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David Dupont
David Dupont

Hi there,

 Our university is very involved in the development of high profile sustainable chemistry. Many fields are covered like the development of organic solar panels, OLEDS, new lighting solutions, etc. But one area that has made particularly big advances in recent years is research on rare earths. Recently the European Commission also got involved in this research, and contacts with industry giants like Umicore and Rhodia (Solvay) are resulting in increasing research collaborations to help tackle this major issue – the supply of rare earths to our “knowledge and innovation” economy.

 

 

In the last year I’ve turned my attention to this chemistry of rare earths. The “rare earths” are a group that includes 17 elements found at the bottom of the periodic table, with exotic sounding names such as “neodymium”, “gadolinium” or “Europium”, the element named after Europe. Rare earths are found in everything from windmills, batteries, “ecological” light bulbs, car catalysts and hard disks to MRI contrast agents or optical lenses. So they play an important role in many technologies, especially in the “green” innovative ones. The electric car for example is impossible to build without these element

The reason why the separation and recycling of rare earths has become a major subject in “sustainable chemistry” is because of the geopolitical and economic problems associated with these elements. The U.S. used to be the largest producer of these elements but with the discovery of the elements on Chinese soil, the extraction of these elements has totally shifted to China.

 

“Rare earths” are not actually rare elements, but their extraction is difficult and, on top of that, China currently supplies over 97% of the rare earths to the world. Since these elements are critical in all aspects of a “green and high tech economy”, this supply risk is a major issue for Europe and the US. Both the European Commission and the U.S. President have therefore filed complaints against China’s recent restrictive policies and export quota on rare earths. Indeed, China recently implemented a very tough export quota on these elements, causing their prices to skyrocket, and putting the entire sector in jeopardy. They claim it is for environmental reasons, because their mining has a big environmental impact, but specialists doubt that this is the true reason for this bold move.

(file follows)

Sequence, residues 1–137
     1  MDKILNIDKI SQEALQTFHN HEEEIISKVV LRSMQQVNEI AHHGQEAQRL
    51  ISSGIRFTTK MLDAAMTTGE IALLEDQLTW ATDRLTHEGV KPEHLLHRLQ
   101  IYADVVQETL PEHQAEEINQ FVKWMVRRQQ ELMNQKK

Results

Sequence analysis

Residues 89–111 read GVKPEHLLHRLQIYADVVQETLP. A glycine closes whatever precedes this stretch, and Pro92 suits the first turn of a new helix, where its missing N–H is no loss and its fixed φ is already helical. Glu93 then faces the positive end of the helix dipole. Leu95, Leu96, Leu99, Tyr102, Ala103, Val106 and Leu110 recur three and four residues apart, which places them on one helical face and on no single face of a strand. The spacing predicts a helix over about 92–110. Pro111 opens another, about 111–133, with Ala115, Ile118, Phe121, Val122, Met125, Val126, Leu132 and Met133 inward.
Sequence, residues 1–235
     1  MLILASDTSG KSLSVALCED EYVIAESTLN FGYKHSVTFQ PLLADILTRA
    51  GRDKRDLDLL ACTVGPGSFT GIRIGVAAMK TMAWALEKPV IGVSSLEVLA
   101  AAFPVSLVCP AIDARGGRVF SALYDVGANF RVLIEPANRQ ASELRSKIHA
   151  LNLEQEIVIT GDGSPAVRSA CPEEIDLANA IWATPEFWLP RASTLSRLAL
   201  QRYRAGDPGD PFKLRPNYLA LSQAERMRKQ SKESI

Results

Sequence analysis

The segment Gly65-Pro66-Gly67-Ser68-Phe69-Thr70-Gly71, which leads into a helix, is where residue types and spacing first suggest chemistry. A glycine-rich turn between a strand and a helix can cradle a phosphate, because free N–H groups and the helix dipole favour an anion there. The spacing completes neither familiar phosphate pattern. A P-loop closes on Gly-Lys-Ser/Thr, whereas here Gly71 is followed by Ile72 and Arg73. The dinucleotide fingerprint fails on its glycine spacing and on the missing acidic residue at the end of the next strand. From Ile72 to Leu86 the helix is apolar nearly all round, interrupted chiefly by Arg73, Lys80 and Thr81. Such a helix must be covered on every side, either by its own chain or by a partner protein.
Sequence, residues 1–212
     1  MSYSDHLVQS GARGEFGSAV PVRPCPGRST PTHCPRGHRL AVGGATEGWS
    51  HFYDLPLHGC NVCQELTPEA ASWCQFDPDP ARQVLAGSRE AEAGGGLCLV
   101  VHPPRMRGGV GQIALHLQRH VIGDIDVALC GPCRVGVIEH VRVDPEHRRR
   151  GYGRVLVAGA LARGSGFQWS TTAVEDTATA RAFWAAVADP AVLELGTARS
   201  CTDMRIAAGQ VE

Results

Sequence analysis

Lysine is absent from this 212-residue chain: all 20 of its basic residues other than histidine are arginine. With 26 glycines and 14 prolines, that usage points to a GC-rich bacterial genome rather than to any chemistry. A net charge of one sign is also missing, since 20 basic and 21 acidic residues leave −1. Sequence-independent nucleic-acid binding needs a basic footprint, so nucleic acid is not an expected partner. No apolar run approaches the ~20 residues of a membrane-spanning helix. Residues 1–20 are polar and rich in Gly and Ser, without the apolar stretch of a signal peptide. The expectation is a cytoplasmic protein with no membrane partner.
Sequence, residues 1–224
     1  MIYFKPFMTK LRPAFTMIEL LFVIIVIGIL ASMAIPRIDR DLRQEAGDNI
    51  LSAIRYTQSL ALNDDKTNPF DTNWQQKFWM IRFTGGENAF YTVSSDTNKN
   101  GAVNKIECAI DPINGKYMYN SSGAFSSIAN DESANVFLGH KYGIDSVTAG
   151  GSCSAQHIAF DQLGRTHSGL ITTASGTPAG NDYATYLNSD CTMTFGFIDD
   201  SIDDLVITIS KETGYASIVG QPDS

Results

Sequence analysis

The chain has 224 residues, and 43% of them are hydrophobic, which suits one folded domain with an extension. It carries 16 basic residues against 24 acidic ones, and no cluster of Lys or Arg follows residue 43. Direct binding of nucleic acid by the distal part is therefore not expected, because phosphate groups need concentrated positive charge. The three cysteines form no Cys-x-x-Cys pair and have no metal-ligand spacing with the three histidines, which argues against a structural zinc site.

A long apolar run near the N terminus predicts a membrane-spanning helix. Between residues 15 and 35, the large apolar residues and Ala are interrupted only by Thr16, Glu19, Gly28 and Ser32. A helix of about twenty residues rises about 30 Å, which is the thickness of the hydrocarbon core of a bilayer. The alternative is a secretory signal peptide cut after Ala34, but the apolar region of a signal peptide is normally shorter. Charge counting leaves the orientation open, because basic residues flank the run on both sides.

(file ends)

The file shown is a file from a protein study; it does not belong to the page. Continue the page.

Whatever the reason may be, large fluctuations in price, a big environmental impact and an uncertain supply don’t square with the idea of sustainable chemistry. That’s why the European Commission started actively stimulating research on ways to recycle these elements from used items like batteries, lamps or hard disks. A tremendous effort has been made on this subject and, because of the urgency of this matter; big breakthroughs have already been achieved. Rhodia (Solvay) published last year their incentive to recycle rare earths from light bulbs and batteries in cooperation with Umicore. Both companies have developed innovative, patented processes to extract precious elements from these everyday objects.

 

Thus creating an independent, renewable and European, supply of rare earths.

That this research is of great importance is obvious when we look at the figures. In 2008, 27 million rare earth- containing light bulbs were collected (32% collect rate) and this amount is expected to at least triple in coming years because Europe has banned the use of the old energy consuming light bulbs. And  the collection rate should also go up thanks to awareness- raising projects. The expensive rare earths contained in these energy saving light bulbs are the reason why their recycling is so interesting. For example “Terbium” reached record highs of 3000$/kg at the end of 2011, while in 2009 it was still sold for under 300$/kg and, more importantly, the supplies are not endless. The additional problem that the excavation of these elements is controlled by a single country, which has proved  not to be wholly  reliable, clearly shows why there is enough incentive to recycle.

That’s why a lot of research is still being done on the subject – both in universities and in the chemical industry with the aid of the European Commission. This is a nice example of how targeted stimulus can pay off quickly and can provide Europe with strategic advantages. Our lack of natural resources just means we don’t have a lot of valuable elements in our soil, but we certainly do have a lot of valuable elements in our houses and infrastructure. If we manage to effectively collect and recycle these elements, Europe can become much more resource independent and provide the chemical industry with a fresh wind and new power to face the 21the century.

 

Fun fact

Europium, the element named after Europe, is present as anti-counterfeit tracer in Euro banknotes. This highly luminescent  compound, also used in energy saving light bulbs and TVs, lights up under UV light.